For the past few weeks, we’ve considered Wilkie Collins’s advice to writersMake ‘em cry, make ‘em laugh, make ‘em wait.” (If you missed earlier posts about “make ‘em laugh,” see list and links below.)

If you can make ‘em cry, you’ll pull readers into your story.

And you do want them to read your story, all the way to the end.


Because whether readers realize it or not, they’re looking to you for answers and direction. They want to know how you coped with life—sorrows and joys, victories and defeats, despair and hope.

They’re looking for a takeawaythat part of your story they will always hold close because it changed their lives

Be sure your memoir hastakeaways: your insights that they can apply to their own lives, lessons you learned that will guide them in the future, a resource for living life well, a reason to hope, a reason to trust God, a better understanding of themselves.

So let’s get back to making ‘em cry. That’s one way to leave readers with the blessings of your takeaways but, to receive them all, readers have to keep reading, and you can keep them reading if you make ‘em cry along with you as you cry.

Oh, but it’s hard to write about our life’s most painful parts!

The ache. Heartbreak. Grief. Anguish.

So many of us avoid writing the painful stuff.

Am I describing you? Have you been unable to write about the stuff that opens up old wounds?

How many of your stories remain untold?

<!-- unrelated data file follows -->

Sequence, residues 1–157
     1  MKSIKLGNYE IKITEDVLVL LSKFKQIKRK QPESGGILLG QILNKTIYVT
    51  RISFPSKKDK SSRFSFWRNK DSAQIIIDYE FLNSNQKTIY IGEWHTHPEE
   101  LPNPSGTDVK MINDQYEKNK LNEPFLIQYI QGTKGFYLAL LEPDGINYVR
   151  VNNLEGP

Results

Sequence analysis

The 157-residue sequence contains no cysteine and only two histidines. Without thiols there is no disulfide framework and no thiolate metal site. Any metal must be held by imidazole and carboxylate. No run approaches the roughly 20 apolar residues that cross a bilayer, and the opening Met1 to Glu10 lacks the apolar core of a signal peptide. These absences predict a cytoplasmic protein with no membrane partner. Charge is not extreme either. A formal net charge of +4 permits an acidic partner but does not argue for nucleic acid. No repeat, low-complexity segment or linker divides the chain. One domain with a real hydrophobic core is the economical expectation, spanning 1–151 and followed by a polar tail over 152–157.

Mick Silva says writers must be willing to take a chance—to risk examining our hard bits and pieces—and then to risk writing about them.

“That necessity to risk is why writing takes courage above all else,” he says.

Risking pain to seek the deeper truths about yourself and liferisking sharing what you know.

“Risking paying close attention when you experience pain or fear, knowing it means you’ve been chosen to understand, express and explain this particular view of it bestMick Silva

Writing about our sorrows can bring us healing (more on that in coming weeks), but there’s morethere’s another layer to your storytelling: God can use our stories.

God even planned for us to share our stories:

2 Corinthians 1:3-4 tells us that the God of all comfort reaches out to comfort us in our troubles so that we can comfort others with the comfort we have received from Him.

That means writing about how God helped you through painful experiences is a sacred callinga ministry

Take, for example, Dana Goodman’s experience:

During my intense grieving moments, other people’s stories gave me words to describe the ache that was indescribable. They gave me hope that a new day would dawn, and I would not be stuck in the black foreverDana Goodman, author, In the Cleft: Joy Comes in the Mourning

And so, we write.

“In a world that groans of brokenness

and screams of injustice,

it matters that we hold our creative candles

right up next to the pain.”

Settle Monroe

A word of caution:

Writing about heartaches and wounds can be excruciating—because to write them requires us to relive themIf we haven’t healed enough to write those stories, we must wait until we can relive them and write them.

Next week we’ll look at one technique to help us write—but only when we are ready.

In the meantime, pray and ask God to help you write the painful stuff. Doing so can help your healing and can help readers, too—maybe in ways you could never have imagined.

Related posts:

Make ‘em laugh, make ‘em cry, make ‘em wait

Humor in your memoir: “like a sneak attack”

Using humor the right way in memoir

Make ‘em laugh: an instant connection

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